Just over half an hour’s walk from Alicante’s beaches lies a fascinating place which attracts fewer visitors than it deserves. That may be because it is a hidden gem which is hidden because few people know about it. The Bull Ring and its associated museum are an interesting insight into an activity that polarises opinion, even within the country.
The Alicante bullring was built in 1848 by local architect Emilio Jover, who was also responsible for the city’s Teatro Principal. It is located on the Villafranqueza road, opposite the Plaza de España. The first bullfight held in Alicante for which data is available was held in the year 1700. From the beginning of the 18th century , bullfights in Alicante were carried out in various places, such as Plaza del Mar or San Francisco, and a provisional wooden plaza was built in 1839 in Barranquet. That all changed when bullfighting had its first permanent home in the city.
It is free to visit but choose your hours carefully or you will be disappointed. On Tuesdays to Saturdays it is open 1030-1330 throughout the year. It opens again in the early evening Tuesday to Friday 1700-2000 but an hour later during the summer months. You don’t need to speak Spanish as there really is no information in the museum. It’s an exhibition of bullfighting memorabilia, photos, paintings and sculptures. Simple but effective really.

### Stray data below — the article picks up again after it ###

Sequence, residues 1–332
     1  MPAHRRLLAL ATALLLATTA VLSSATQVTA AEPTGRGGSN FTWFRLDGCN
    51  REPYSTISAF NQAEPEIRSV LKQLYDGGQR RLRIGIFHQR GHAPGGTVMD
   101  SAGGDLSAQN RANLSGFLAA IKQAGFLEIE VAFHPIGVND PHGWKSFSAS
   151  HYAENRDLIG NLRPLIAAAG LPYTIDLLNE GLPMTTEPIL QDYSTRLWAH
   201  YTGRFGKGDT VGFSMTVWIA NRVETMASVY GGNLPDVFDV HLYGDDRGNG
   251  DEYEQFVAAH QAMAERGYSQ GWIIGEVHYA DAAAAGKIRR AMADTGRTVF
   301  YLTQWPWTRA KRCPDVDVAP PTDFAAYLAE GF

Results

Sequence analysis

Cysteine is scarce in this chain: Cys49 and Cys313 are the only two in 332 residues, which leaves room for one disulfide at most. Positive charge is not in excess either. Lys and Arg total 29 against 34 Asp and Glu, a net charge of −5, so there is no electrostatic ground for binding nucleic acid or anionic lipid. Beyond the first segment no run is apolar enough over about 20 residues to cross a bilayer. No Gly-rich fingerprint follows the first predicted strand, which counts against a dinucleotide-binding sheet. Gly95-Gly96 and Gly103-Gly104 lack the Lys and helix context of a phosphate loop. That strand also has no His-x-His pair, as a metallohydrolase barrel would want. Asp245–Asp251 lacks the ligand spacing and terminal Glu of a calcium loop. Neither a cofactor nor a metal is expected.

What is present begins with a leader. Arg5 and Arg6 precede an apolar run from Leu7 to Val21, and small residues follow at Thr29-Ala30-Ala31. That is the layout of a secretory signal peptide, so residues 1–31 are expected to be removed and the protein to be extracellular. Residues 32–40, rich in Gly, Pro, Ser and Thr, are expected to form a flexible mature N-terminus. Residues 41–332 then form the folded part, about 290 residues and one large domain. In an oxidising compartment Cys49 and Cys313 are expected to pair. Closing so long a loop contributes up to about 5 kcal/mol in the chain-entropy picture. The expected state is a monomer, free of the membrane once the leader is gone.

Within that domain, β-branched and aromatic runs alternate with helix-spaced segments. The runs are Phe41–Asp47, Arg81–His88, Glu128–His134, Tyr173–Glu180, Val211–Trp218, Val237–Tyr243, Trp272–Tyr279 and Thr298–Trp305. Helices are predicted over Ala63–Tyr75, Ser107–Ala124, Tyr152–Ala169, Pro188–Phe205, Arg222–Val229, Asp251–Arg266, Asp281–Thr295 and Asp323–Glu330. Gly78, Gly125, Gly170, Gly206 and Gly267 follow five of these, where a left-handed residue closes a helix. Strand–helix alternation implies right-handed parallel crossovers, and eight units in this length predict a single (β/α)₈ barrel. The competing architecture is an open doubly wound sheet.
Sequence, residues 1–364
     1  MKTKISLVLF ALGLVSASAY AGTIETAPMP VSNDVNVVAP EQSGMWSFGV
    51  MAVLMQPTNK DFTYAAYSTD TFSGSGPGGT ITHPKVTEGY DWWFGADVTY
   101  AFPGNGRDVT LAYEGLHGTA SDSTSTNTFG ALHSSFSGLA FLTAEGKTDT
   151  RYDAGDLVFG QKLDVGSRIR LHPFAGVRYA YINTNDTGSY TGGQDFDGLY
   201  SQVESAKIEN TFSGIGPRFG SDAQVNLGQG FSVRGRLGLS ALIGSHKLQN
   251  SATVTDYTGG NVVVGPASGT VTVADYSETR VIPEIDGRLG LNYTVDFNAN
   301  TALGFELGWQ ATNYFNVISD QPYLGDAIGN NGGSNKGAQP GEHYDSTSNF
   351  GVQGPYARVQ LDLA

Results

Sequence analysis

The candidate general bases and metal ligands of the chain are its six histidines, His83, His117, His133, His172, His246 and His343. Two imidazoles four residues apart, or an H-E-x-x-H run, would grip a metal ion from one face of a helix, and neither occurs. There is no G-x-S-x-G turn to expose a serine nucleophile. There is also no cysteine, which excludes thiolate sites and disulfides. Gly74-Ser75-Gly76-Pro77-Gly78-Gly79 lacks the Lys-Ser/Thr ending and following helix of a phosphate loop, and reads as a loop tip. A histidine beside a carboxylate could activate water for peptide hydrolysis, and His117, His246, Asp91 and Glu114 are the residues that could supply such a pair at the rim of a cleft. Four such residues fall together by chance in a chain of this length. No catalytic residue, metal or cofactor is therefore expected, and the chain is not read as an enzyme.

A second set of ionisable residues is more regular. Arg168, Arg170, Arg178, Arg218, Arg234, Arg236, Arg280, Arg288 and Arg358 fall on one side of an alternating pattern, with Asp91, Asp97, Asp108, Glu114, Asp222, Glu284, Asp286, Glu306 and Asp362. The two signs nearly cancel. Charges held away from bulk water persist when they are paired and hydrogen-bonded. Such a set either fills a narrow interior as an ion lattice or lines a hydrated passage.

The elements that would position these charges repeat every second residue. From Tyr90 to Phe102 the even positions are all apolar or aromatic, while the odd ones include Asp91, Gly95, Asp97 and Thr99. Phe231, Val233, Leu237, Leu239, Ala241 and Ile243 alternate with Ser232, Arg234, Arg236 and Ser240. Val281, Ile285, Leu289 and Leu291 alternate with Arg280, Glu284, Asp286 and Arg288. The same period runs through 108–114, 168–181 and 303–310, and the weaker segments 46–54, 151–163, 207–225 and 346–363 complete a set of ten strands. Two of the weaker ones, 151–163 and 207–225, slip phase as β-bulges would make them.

You are free to wander around the bullring too. From an artistic point of view these gladiatorial surroundings are fascinating. We’ve never been to see the real thing so we can’t comment on that at all. The corridors are decorated with posters of the annual bullfights throughout the years. They take place at 7pm towards the end of June for the San Juan fiestas. With a capacity of 11,000 you might think that tickets are easy to come by, but apparently not! There are a handful of taxidermy bull heads on display which may challenge some people’s sensitivity. It’s always going to be an emotive subject and each individual will have their own thoughts and feelings as they wander around.
The bullring has been used for many other events over the years. It hosts pop concerts on a regular basis and is sometimes home to a winter ice rink. In 2004 it even hosted the tennis Davis Cup semi-final when Spain beat France to move into the final.